The French sometimes have an odd conception of freedom. As political scientist Corey Robin noted, the scene from the Nice beach evokes Rousseau’s notorious maxim that people will be “forced to be free.” From Robespierre to the burkini, the French conception of liberté has often seemed to entail very little actual liberty.
It’s unfair to blame an entire nation for a repressive policy. People are distinct from their governments, after all. But while we shouldn’t speak of “the French” as discriminatory and repressive, there are certain particular French people we can hold responsible. These include the dozen or so beachgoers that watched passively as the police surrounded and harassed the Muslim woman in Nice. (In fact, some of them did more than silently observe; they applauded the police and shouted ‘Go home’ at the woman, causing her daughter to burst into tears.) By making no effort whatsoever to support the woman, and gawking as the police made her display her arms, each of these people shamefully participated in a humiliating act of authoritarian bigotry.
The burkini ban is nonsensical in a hundred different ways. If one’s concern is, as the ban proponents say it is, with France’s national security, what purpose does it serve to have the police chase down Muslim women on beaches? Surely such a policy is more likely to enrage ISIS than to defeat them. And it’s certainly a small irony to see police in combat boots telling a barefooted woman that she is inappropriately dressed for walking on the beach.
Since all of its justifications collapse under a moment’s rational scrutiny, the bans cannot be made in good faith. Thus even someone disturbed by Islamic religious requirements for women’s body-coverings must conclude that it is prejudice, rather than principle, guiding France’s municipal governments. Far from freeing Muslim women from the tyranny of their own religion, the requirements are similar to the “self-deportation” proposals offered by American anti-immigrant activists: make it so impossible and miserable to live as a Muslim in France that all French Muslims must either cease to be Muslims or cease to live in France.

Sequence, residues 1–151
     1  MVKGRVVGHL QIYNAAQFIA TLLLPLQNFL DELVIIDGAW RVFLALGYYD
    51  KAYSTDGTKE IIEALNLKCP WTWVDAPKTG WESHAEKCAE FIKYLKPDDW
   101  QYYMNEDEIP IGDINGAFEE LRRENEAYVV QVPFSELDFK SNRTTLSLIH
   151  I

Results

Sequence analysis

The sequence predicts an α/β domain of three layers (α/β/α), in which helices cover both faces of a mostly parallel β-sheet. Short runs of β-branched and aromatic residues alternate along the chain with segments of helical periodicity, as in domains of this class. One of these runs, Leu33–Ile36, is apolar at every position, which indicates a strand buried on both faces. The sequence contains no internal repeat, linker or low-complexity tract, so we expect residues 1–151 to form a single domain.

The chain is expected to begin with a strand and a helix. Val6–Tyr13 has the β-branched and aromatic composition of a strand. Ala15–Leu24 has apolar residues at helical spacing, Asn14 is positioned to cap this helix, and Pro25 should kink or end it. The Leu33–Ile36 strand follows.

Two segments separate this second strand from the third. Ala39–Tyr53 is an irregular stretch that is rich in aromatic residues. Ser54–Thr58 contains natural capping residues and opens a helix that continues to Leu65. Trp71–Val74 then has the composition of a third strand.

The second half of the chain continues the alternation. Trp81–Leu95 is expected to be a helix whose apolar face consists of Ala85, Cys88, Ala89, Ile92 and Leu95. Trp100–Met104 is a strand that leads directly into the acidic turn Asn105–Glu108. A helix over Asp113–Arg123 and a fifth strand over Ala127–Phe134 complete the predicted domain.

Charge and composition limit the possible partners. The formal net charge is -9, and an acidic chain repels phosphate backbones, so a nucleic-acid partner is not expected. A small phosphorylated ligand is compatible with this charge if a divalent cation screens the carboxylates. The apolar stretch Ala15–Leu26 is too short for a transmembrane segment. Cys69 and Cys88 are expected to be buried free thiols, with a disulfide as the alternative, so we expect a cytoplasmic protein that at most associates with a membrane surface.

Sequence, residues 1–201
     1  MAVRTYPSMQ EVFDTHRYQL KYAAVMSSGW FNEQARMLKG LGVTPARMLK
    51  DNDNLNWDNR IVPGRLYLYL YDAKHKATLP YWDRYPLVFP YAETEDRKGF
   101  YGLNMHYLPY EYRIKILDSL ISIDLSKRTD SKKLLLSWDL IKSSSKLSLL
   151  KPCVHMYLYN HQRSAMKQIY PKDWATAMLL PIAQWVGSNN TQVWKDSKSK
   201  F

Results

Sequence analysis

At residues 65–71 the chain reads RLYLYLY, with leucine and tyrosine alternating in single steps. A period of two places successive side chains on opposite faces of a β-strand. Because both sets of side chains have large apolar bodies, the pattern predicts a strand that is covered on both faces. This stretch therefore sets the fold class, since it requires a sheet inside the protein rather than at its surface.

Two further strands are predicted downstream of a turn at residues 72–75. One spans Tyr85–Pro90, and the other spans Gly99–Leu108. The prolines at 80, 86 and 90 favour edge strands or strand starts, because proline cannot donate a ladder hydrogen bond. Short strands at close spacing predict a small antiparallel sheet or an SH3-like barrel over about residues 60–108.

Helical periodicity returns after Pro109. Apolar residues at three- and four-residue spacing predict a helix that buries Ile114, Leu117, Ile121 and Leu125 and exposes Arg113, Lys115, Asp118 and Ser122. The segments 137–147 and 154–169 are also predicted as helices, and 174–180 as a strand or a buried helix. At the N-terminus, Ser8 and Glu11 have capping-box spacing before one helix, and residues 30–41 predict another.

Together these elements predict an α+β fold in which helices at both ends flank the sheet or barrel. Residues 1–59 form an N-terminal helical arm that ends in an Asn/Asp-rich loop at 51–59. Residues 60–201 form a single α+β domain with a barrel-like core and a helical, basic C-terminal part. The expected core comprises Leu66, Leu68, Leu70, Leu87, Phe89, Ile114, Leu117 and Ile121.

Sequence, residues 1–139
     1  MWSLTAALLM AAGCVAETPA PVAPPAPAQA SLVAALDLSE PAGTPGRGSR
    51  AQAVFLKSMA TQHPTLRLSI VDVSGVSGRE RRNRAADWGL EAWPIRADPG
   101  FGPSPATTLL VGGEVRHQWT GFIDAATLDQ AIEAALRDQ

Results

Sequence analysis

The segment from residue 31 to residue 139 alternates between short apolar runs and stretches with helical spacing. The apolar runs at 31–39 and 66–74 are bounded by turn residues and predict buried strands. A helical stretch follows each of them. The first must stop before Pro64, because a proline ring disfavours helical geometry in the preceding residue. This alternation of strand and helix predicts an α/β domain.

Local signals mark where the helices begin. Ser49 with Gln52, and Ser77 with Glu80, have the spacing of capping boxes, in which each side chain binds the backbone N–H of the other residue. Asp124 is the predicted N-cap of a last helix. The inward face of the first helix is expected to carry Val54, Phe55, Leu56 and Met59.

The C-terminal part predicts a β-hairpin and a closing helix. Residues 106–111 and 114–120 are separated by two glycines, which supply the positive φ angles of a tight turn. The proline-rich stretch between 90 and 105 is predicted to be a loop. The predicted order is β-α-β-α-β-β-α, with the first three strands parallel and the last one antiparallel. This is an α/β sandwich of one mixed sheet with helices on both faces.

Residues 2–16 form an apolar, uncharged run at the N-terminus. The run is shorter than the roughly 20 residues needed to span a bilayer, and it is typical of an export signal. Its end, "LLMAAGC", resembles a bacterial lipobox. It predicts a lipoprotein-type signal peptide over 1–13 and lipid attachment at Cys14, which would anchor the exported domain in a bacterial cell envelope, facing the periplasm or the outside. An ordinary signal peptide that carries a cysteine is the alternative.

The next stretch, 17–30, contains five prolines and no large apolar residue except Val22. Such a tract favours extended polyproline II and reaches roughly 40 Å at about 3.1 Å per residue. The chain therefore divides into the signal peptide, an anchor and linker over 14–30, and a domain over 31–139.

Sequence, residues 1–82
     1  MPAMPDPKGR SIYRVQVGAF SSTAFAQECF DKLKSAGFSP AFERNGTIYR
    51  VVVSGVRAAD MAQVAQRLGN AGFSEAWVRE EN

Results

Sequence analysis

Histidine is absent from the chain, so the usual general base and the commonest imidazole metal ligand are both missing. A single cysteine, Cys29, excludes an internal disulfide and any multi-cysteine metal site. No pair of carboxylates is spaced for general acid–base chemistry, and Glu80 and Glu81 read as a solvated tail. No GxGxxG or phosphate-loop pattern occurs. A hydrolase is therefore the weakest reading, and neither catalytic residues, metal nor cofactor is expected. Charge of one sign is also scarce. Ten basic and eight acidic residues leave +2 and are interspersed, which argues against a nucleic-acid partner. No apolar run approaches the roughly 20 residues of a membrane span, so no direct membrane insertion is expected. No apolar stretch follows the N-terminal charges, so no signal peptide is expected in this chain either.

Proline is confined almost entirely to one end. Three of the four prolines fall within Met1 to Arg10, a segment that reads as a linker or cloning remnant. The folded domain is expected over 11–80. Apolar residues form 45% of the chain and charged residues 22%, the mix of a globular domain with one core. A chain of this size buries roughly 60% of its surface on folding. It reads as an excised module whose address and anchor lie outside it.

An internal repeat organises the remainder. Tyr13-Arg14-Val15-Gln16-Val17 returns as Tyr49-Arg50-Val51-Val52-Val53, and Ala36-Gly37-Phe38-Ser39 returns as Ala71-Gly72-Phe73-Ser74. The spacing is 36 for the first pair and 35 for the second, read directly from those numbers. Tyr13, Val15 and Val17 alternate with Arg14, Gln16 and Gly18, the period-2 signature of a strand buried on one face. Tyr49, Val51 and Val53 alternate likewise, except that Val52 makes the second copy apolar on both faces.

Anyone concerned with actual, rather than pretextual, feminism, can see how simple this issue is. As journalist Leigh Phillips noted, it’s very easy to be consistent in opposing both patriarchal religious practices and bigoted civil liberties restrictions: nobody should make a woman wear a burkini, and nobody should make a woman not wear a burkini. The consistent lover of liberty understands that Rousseau’s dictum is just as contradictory as it sounds; forced freedom isn’t freedom, because freedom is the absence of force. If feminism means anything, it means not surrounding women with police officers and demanding they take off their shirts. And once we get past vacuous abstractions about secular values and the national interest, there’s no way to see a wetsuit ban as anything other than a totalitarian absurdity.